TWO-HORNED SEA ROCKET
(Photos: E. Cousins, Cape Jervis)
This member of the mustard family is a sprawling, succulent annual, up to half a metre tall. It grows in clumps in the sand along seashores, such as Morgans Beach. Leaves are fleshy, shiny, green and deeply lobed. The 4-petalled pale purple flowers appear year round. They open from the bottom of the stalk, with fruits sometimes appearing at the bottom of that stalk simultaneously. The ‘rocket’ in the common name doesn’t come from the plant being edible like salad greens, but from the shape of its corky brown fruits … they are swollen, both with or without horns, near the base, making a ‘rocket’ shape!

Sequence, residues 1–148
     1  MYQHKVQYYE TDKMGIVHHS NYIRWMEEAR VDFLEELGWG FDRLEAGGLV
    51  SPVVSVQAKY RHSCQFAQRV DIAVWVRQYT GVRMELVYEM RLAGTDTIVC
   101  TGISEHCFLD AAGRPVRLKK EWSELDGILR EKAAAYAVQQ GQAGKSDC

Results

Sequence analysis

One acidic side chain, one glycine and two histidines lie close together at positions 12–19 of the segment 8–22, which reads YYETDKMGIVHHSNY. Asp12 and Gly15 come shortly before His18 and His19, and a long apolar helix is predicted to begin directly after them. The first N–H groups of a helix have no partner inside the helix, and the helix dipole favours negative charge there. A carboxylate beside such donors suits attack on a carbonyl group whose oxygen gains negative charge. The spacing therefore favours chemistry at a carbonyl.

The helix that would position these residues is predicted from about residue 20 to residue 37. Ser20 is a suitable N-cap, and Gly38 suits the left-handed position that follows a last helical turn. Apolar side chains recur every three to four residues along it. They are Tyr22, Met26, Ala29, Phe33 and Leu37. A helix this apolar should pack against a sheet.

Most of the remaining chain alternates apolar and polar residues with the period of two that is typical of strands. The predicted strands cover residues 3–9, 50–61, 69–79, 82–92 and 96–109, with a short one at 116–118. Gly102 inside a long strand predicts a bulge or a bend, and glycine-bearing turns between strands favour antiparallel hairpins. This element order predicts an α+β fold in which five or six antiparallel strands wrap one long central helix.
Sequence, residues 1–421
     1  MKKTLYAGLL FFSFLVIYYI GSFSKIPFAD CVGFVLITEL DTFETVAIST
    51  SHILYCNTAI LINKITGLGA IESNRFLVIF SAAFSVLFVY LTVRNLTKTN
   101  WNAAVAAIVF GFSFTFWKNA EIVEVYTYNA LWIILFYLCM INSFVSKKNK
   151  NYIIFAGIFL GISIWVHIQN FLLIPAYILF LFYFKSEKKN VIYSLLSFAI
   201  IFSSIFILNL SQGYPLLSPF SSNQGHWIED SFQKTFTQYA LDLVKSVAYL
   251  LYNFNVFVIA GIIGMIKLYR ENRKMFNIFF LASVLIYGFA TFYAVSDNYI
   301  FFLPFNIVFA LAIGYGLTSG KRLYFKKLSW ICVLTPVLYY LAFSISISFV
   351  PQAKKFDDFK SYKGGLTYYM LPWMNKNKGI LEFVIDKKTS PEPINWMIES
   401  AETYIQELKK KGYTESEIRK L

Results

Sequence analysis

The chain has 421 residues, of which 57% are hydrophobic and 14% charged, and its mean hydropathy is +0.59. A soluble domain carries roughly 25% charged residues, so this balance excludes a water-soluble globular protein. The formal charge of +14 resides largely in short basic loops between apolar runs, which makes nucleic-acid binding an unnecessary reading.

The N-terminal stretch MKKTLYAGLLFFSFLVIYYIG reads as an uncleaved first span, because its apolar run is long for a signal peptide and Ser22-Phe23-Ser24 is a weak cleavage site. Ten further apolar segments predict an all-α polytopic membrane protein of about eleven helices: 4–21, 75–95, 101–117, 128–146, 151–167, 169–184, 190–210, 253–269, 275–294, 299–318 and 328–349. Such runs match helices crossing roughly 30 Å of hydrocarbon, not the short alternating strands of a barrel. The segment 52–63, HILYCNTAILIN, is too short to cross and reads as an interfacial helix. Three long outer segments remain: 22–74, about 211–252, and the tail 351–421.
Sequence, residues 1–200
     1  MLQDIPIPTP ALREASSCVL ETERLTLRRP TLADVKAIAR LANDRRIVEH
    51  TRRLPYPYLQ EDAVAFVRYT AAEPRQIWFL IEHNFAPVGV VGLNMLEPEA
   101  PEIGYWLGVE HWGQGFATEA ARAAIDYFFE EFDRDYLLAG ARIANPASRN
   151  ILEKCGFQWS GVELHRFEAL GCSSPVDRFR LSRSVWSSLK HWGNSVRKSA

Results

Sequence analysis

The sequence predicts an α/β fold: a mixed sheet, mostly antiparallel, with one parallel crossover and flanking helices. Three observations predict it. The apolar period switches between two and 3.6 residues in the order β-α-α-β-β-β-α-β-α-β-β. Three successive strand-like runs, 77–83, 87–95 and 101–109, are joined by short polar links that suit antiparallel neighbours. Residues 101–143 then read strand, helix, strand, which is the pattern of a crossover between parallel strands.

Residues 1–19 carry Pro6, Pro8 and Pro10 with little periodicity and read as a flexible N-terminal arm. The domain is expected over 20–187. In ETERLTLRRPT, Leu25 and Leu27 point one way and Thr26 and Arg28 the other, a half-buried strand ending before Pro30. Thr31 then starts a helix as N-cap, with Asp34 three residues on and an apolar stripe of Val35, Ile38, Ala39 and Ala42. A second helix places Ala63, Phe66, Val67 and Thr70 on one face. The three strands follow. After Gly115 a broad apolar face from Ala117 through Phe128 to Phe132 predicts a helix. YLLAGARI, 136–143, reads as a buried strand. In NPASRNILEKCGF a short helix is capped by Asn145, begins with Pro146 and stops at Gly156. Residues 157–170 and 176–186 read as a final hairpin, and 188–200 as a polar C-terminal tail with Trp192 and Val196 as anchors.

(Photos: E. Cousins)
It’s the stalk of this plant that is scaly, not the leaf or flower! The flowers are like little yellow buttons, and are produced on long, thin, brown stalks which have scaly leaflets on them. (‘Squamatus’ means ‘scales’.) Note also the cup-shaped base underneath the flower, and the scales on this as well … a distinguishing feature. The plant is really only shin high, with the flowers sitting above the foliage. Its very green leaves are lance-shaped, and have white hairs on the underside. Clumps of this perennial herb grow to about 40cm across. This is an adaptable and hardy plant, tolerant of frost and drought, useful characteristics for Cape Jervis gardens!